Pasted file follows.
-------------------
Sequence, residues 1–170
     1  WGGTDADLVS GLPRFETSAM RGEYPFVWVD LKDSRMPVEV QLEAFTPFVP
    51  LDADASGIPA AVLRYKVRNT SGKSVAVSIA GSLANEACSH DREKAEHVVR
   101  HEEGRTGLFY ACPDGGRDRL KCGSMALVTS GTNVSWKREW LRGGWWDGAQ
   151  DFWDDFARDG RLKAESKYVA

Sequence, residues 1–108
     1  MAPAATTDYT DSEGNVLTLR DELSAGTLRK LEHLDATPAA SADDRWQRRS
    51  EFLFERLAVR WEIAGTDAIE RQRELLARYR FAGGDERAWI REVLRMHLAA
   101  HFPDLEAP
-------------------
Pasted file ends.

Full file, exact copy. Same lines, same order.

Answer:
Sequence, residues 1–170
     1  WGGTDADLVS GLPRFETSAM RGEYPFVWVD LKDSRMPVEV QLEAFTPFVP
    51  LDADASGIPA AVLRYKVRNT SGKSVAVSIA GSLANEACSH DREKAEHVVR
   101  HEEGRTGLFY ACPDGGRDRL KCGSMALVTS GTNVSWKREW LRGGWWDGAQ
   151  DFWDDFARDG RLKAESKYVA

Sequence, residues 1–108
     1  MAPAATTDYT DSEGNVLTLR DELSAGTLRK LEHLDATPAA SADDRWQRRS
    51  EFLFERLAVR WEIAGTDAIE RQRELLARYR FAGGDERAWI REVLRMHLAA
   101  HFPDLEAP